Regent's Park Barracks
|Regent's Park Barracks|
Albany Street Barracks
|London, United Kingdom|
Albany Street Barracks
|Owner||Ministry of Defence|
|Built for||War Office|
|Occupants||20 Logistic Support Squadron, Royal Logistic Corps|
21 Special Air Service Regiment (Artists) (Reserve)
RHQ Queen's Royal Hussars
The barracks were constructed in 1820-1821 as cavalry barracks for the Life Guards and the Royal Artillery as part of John Nash's original design for Regent's Park. Nash had originally intended the barracks to be situated in the northern area of the park, well away from the residential area, and separated from the rest of the park by Regent's Canal. However Nash's plan was not accepted in its entirety by the Crown with one of the changes involving a change in the location of the barracks to its present site.
Originally designed to house 450 officers and men and 400 horses the barracks were almost entirely rebuilt between 1891 and 1893. The rebuilding followed the original general layout, and carried out under the supervision of Colonel R. Athorpe. The layout comprises a complex of buildings arranged around a parade ground. The only building to survive from the original barracks is the Officers' Mess which was built between 1820 and 1821 and is situated on the east side of the parade ground. Other buildings at the northern end of the site include the Gothic chapel which was built in 1857 and the hospital which was built in 1877. Three parallel blocks used for soldiers' accommodation and stables, service buildings and the riding school were all built in 1891. From 1896 to 1969, the Royal Horse Guards were based there, which later became part of the Blues and Royals.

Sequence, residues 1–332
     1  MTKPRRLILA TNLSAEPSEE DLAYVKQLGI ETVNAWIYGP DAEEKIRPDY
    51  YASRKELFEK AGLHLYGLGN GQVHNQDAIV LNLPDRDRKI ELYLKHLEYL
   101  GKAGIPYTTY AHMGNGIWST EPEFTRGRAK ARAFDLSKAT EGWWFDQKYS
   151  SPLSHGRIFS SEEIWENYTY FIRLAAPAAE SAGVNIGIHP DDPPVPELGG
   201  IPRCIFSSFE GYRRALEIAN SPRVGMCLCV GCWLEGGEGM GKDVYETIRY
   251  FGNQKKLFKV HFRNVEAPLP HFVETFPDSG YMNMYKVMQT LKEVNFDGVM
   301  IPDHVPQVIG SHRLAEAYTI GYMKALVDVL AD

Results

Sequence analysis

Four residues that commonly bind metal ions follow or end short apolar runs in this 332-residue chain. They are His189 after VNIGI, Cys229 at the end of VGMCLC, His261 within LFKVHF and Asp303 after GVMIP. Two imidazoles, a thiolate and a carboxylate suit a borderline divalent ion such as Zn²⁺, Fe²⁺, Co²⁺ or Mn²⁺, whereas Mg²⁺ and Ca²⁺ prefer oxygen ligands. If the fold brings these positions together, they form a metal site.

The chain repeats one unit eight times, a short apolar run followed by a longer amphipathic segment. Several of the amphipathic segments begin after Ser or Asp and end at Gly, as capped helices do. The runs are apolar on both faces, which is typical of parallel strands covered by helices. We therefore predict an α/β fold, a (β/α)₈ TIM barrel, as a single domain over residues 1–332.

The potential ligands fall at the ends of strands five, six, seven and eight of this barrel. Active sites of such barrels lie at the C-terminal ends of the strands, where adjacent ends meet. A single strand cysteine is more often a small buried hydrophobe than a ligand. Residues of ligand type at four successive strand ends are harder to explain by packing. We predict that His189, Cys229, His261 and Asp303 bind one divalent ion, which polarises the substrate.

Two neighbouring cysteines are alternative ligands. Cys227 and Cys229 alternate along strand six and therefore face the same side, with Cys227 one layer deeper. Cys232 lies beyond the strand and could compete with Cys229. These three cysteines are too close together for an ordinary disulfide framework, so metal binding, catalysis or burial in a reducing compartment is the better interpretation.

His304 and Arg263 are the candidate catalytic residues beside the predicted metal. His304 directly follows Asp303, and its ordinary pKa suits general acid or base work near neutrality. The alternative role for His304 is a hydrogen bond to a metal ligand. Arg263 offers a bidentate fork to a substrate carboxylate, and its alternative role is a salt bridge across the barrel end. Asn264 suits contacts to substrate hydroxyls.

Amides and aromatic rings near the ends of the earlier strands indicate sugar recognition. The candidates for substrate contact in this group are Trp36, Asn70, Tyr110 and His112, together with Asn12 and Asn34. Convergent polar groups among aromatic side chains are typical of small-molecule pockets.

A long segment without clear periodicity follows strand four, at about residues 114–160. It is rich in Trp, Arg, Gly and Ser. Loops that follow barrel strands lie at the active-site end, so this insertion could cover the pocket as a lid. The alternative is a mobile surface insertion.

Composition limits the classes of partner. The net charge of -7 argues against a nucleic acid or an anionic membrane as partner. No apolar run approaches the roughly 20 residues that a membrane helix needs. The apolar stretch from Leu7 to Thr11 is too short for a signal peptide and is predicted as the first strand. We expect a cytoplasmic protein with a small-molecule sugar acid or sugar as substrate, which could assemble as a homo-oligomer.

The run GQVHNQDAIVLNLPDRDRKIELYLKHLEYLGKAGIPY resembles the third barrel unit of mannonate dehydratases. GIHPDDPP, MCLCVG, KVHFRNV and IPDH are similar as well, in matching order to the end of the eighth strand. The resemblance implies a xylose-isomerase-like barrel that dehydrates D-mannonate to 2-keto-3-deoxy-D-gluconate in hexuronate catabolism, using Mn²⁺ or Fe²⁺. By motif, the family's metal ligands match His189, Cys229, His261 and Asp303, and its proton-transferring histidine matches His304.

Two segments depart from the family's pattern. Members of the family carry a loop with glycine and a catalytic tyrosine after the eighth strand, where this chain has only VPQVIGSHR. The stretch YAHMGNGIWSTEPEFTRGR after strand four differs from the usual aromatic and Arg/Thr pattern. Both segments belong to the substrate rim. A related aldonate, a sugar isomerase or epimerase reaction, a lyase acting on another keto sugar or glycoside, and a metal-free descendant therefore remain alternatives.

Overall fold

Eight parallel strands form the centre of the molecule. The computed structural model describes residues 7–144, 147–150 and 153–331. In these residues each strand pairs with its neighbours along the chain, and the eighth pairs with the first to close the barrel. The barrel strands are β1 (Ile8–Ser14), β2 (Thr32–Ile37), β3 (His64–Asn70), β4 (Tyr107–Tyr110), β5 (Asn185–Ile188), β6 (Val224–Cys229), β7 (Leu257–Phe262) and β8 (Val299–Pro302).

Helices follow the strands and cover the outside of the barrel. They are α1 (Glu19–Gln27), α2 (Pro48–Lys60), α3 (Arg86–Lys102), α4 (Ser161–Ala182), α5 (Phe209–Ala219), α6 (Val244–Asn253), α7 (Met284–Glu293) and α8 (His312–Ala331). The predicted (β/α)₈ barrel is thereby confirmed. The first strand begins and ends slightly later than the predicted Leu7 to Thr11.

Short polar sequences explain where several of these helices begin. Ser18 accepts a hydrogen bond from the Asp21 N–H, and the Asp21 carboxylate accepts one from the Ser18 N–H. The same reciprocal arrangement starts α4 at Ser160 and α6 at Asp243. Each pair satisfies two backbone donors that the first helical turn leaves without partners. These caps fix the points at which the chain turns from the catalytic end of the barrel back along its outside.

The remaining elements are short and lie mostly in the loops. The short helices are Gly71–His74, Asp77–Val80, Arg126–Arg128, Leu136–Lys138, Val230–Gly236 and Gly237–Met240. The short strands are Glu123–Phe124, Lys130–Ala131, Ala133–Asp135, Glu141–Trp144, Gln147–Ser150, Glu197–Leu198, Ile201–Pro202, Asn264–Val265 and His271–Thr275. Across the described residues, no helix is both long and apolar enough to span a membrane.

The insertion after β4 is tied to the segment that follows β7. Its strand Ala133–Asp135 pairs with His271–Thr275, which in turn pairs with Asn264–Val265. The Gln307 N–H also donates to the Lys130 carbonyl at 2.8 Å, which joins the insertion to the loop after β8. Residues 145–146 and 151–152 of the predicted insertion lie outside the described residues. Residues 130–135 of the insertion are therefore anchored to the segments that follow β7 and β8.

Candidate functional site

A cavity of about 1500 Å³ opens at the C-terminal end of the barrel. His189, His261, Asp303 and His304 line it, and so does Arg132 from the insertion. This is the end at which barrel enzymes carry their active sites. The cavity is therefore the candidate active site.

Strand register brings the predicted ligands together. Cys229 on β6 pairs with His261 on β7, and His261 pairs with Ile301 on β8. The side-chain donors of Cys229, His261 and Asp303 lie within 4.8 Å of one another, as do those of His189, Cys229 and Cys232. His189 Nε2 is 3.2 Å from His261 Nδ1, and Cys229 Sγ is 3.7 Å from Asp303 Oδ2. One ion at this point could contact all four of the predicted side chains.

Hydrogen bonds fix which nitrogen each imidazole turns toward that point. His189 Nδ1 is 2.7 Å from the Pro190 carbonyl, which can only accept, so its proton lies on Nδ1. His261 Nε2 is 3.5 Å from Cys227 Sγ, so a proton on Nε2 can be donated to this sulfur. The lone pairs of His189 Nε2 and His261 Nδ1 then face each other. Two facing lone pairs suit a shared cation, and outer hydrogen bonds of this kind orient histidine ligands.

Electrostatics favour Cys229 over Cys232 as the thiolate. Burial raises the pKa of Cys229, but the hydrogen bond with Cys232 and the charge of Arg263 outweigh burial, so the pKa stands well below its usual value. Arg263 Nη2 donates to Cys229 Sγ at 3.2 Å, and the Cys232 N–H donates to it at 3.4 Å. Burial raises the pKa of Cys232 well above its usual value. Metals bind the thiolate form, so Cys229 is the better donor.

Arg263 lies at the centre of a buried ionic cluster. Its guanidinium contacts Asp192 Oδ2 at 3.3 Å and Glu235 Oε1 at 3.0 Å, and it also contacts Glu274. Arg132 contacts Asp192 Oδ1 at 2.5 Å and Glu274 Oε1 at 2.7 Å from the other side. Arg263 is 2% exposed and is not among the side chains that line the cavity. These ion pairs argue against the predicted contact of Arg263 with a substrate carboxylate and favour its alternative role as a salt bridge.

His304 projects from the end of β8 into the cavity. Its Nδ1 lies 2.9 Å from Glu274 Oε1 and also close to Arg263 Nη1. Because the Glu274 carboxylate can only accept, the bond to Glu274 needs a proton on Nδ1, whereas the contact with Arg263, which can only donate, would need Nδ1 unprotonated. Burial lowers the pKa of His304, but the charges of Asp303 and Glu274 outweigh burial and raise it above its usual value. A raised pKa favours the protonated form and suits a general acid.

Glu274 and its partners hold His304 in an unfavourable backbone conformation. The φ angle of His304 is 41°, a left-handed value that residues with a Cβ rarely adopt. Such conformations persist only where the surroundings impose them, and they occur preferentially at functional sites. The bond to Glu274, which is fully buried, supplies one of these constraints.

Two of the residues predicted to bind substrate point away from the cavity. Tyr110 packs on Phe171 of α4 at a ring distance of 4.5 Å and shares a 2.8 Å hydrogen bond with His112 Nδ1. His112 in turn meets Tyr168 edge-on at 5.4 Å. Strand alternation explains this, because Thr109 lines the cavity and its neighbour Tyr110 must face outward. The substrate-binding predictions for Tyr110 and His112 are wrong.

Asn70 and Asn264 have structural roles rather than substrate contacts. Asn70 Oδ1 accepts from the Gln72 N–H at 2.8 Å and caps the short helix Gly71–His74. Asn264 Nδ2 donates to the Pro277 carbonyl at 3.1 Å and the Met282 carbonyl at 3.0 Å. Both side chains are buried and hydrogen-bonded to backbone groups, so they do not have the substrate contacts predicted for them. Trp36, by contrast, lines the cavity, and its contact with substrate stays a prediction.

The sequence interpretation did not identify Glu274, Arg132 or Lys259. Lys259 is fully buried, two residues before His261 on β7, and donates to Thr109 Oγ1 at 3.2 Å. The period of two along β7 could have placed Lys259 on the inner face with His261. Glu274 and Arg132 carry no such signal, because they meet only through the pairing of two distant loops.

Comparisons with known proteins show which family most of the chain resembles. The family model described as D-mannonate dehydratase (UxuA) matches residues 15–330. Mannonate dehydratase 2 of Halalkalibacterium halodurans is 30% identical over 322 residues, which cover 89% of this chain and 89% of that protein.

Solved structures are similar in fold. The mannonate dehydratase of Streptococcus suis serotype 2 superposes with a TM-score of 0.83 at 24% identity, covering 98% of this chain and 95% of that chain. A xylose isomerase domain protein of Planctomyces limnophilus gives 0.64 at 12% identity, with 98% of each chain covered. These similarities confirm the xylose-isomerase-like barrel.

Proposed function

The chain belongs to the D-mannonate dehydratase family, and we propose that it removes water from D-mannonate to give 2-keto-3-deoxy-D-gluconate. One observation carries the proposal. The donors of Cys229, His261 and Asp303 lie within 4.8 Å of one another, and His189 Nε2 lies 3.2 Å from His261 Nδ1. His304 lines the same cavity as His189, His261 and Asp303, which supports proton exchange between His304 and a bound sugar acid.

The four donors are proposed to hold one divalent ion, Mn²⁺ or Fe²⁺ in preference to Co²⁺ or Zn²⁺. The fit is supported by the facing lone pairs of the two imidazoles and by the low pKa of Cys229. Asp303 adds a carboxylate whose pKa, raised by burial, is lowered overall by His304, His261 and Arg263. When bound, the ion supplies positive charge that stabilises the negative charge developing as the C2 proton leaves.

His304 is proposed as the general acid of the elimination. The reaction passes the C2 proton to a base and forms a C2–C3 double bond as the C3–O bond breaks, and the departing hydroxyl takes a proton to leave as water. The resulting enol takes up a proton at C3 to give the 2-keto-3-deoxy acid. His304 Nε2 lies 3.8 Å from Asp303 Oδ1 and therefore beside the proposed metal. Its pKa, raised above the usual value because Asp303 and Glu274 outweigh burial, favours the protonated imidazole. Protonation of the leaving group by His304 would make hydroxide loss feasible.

Today the barracks are the home of 20 Logistic Support Squadron, Royal Logistic Corps, 21 Special Air Service Regiment (Artists) (Reserve) and the regimental headquarters of the Queen's Royal Hussars, as well as the Queen's Royal Hussars Collection Trust charity.
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